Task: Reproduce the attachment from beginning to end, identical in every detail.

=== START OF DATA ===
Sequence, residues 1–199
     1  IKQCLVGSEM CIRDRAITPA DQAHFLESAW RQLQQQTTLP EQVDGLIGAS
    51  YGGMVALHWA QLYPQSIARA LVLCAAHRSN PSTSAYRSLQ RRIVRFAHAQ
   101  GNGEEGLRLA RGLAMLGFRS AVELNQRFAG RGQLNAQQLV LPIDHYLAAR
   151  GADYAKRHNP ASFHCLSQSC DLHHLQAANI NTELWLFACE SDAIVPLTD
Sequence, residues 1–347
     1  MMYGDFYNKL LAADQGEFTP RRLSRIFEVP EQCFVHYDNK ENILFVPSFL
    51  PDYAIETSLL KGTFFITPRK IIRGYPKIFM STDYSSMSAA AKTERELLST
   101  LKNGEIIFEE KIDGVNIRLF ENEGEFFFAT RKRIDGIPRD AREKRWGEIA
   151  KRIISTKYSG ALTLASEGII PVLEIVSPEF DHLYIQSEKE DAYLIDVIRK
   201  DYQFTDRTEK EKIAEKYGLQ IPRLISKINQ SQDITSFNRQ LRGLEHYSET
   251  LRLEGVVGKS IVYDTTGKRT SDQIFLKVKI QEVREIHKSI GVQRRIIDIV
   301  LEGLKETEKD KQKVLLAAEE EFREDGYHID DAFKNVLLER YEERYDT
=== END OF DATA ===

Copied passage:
Sequence, residues 1–199
     1  IKQCLVGSEM CIRDRAITPA DQAHFLESAW RQLQQQTTLP EQVDGLIGAS
    51  YGGMVALHWA QLYPQSIARA LVLCAAHRSN PSTSAYRSLQ RRIVRFAHAQ
   101  GNGEEGLRLA RGLAMLGFRS AVELNQRFAG RGQLNAQQLV LPIDHYLAAR
   151  GADYAKRHNP ASFHCLSQSC DLHHLQAANI NTELWLFACE SDAIVPLTD
Sequence, residues 1–347
     1  MMYGDFYNKL LAADQGEFTP RRLSRIFEVP EQCFVHYDNK ENILFVPSFL
    51  PDYAIETSLL KGTFFITPRK IIRGYPKIFM STDYSSMSAA AKTERELLST
   101  LKNGEIIFEE KIDGVNIRLF ENEGEFFFAT RKRIDGIPRD AREKRWGEIA
   151  KRIISTKYSG ALTLASEGII PVLEIVSPEF DHLYIQSEKE DAYLIDVIRK
   201  DYQFTDRTEK EKIAEKYGLQ IPRLISKINQ SQDITSFNRQ LRGLEHYSET
   251  LRLEGVVGKS IVYDTTGKRT SDQIFLKVKI QEVREIHKSI GVQRRIIDIV
   301  LEGLKETEKD KQKVLLAAEE EFREDGYHID DAFKNVLLER YEERYDT